Barry Rothbart on competitive eating, sketch comedy, new projects

Comedian Barry Rothbart will arrive in Minneapolis on the heels of the release of his documentary Hungry. "We're really excited about it," he says. "We followed [competitive eater] Takeru Kobayashi, the hot dog-eating guy. He's kind of the focus." Recent Nathan's Hot Dog Eating Contest winner Joey Chestnut is also featured.

"There's this whole battle," Rothbart explains. "Kobayashi was arrested at the competition four years ago because there was a contract dispute, and he couldn't compete. He showed up anyway, and they had him arrested. After that it turned into a huge battle with Major League Eating, the body that sanctions the Nathan's Hot Dog Eating Contest. The film revolves around his conflict with them."

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The subject has always fascinated Rothbart. "I thought it was funny," he says, adding that he and his filmmaking partner, Jeff Cerulli, figured it would be silly. "We thought we would go in and make fun of it, like a mocumentary. Then we found that these people are very serious about competitive eating." The filmmakers also uncovered a dark side. "These people are being taken advantage of, and there's this evil Darth Vader-like figure named George Shea, and he gets them into these abusive contracts. There's been a lot of upheaval against him. So, the documentary turned into that, and it's way better that way because there's a lot of humanity in it."

Another interesting thing Rothbart found out about competitive eating is that the most successful contestants are not overweight. Indeed, they are slender and in very good shape. "People say, 'My family and friends say I can eat so much, so I decided to try and do it.' But the people that do well are not big. If you're thinner, you'll do better at competitive eating. They've figured out that fat actually blocks your stomach from expanding."

Growing up a little overweight himself, Rothbart never imagined being onstage in front of strangers telling jokes. "I wasn't funny at all when I was a kid," he says. "I was really shy. I was a weird, fat kid that didn't have too many friends. I wanted to be a horror writer, and would sit in my room and write scary stories."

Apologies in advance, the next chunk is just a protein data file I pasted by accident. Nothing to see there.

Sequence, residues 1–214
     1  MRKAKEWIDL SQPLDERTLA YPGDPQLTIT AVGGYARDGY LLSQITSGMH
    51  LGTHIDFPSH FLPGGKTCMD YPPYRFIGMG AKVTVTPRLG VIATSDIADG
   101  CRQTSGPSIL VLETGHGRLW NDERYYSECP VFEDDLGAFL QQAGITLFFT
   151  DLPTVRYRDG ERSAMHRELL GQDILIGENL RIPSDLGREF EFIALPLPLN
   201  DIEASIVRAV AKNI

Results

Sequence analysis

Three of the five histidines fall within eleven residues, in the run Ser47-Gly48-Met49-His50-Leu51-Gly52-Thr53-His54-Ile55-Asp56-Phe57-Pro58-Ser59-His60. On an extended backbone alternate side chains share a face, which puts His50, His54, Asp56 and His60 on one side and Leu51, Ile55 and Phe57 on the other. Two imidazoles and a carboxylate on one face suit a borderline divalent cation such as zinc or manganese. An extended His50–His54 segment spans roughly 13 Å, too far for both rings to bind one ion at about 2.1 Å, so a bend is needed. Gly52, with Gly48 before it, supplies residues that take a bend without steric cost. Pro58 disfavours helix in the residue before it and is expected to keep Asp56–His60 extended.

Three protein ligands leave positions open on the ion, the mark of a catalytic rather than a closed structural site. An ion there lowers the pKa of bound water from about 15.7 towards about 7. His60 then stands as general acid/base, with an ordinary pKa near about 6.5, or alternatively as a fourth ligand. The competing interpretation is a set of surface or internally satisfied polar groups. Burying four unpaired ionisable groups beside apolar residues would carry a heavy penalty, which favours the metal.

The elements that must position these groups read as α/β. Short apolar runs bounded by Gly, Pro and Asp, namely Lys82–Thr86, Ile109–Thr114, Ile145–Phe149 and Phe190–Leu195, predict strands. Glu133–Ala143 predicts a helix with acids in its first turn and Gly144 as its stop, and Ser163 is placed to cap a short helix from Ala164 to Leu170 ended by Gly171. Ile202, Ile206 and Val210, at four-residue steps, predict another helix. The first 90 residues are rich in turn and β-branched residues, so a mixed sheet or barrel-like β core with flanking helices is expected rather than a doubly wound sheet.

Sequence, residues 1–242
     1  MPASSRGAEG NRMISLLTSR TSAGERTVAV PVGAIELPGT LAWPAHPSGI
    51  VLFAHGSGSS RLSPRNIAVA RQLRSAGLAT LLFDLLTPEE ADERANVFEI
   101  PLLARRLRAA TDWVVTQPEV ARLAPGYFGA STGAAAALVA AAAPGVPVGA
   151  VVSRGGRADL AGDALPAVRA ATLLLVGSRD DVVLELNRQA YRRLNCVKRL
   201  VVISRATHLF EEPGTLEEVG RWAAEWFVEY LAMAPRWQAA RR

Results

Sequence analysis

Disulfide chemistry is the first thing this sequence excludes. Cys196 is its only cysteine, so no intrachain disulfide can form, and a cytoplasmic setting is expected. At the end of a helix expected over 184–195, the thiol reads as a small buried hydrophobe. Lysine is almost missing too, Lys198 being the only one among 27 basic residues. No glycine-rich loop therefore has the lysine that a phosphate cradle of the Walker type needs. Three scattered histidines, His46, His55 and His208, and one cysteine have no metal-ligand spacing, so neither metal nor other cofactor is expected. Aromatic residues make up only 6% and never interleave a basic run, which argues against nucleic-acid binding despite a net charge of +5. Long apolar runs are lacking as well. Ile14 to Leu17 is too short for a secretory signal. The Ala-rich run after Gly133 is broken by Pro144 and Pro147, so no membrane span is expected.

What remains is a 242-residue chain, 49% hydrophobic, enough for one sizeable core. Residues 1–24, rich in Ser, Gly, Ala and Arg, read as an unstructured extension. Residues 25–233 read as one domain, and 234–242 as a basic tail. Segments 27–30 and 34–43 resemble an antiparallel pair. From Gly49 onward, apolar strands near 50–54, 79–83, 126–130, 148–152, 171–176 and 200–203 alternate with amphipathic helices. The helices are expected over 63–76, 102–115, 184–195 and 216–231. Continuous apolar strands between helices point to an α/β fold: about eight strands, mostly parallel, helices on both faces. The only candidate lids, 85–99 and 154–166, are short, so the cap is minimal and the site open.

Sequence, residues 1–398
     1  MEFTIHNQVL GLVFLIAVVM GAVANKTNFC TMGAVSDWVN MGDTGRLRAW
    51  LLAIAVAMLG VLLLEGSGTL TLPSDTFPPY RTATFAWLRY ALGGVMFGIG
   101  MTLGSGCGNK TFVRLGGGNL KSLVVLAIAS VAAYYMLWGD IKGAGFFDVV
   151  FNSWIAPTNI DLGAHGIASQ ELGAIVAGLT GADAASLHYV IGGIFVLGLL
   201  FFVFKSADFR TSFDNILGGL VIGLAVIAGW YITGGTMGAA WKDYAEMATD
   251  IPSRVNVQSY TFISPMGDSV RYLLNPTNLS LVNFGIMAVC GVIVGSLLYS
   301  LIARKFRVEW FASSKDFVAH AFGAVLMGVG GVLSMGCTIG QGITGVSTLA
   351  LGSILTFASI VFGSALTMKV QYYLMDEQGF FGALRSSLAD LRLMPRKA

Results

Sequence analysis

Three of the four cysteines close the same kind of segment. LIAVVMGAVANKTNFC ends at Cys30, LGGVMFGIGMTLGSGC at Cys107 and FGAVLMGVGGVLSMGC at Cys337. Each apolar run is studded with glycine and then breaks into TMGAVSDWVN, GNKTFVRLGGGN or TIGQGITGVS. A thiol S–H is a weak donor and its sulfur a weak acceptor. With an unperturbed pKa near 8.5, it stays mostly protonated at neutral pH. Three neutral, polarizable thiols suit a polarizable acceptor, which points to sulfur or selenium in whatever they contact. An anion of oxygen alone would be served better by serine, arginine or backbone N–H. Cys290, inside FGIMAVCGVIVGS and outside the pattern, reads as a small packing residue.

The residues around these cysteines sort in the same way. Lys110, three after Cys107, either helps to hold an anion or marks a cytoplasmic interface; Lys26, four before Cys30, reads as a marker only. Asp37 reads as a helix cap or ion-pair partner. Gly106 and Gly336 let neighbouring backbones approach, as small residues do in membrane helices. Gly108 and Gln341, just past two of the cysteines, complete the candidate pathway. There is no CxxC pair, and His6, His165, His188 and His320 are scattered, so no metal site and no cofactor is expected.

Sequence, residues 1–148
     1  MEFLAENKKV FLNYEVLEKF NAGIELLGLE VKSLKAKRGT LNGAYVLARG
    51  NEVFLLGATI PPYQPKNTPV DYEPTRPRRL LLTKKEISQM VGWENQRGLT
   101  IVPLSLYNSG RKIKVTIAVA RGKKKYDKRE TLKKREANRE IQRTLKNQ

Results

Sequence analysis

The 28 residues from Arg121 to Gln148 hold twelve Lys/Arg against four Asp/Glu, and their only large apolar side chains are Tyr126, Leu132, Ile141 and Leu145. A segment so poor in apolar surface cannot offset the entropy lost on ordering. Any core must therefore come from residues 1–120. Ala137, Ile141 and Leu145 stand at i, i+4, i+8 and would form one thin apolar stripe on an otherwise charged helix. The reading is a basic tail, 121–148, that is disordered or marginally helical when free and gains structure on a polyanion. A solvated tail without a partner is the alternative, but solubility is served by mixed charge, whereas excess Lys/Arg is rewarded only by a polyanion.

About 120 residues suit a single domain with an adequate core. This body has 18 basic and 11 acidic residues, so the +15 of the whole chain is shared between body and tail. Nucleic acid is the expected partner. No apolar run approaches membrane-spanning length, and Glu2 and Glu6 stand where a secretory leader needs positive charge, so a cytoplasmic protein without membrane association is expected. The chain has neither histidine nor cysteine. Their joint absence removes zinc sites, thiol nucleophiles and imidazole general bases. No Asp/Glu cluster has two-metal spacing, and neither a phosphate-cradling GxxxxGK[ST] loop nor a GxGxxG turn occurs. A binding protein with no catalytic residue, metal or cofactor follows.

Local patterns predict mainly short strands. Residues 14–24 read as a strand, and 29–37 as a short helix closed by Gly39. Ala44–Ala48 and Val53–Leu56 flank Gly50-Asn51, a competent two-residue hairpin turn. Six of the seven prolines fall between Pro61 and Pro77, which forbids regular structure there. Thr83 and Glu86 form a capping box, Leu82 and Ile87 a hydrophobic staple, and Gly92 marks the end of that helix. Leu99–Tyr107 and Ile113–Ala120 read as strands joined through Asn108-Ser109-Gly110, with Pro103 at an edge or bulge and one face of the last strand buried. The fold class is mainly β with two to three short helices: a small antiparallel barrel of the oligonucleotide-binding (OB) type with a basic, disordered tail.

He started to come out of his shell as a teenager. "My dad would take me to comedy clubs in New York City," he recalls. "I must have been the youngest person there. I thought, 'This is really cool.' So in college I decided to give it a try. I always wanted to have some sort of attention, I just didn't know how to get it from my peers. I figured if I did standup, people would have to listen to me."

Inspired by Dave Attell, Rothbart has always been drawn to what he describes as weirder stuff.

"I actually like sketch comedy more than standup," he confesses. "When I was younger, I used to watch Mr. Show a lot and the Upright Citizens Brigade. I never got into George Carlin or Richard Pryor, or people like that."

He did enjoy Saturday Night Live, but mostly the cast from the '90s. "People always say SNL was better then, but I think people just like SNL from when they were 14. The best years of that show are from when you were a kid."

In addition to headlining clubs across the country and promoting Hungry, Rothbart is also developing a web series for Comedy Central. It centers on six roommates who hang around together and don't go out much. "I have a bunch of funny friends that are actors and comedians that I wanted to put in something," he says. "I asked myself, 'How do I get everyone I like working with into one premise?' I just wanted it to be really simple and it can go crazy from there."


Barry Rothbart Rick Bronson's House of Comedy Mall of America, 408 E. Broadway, Bloomington; 952-858-8558 Wednesday through Sunday $13- $19

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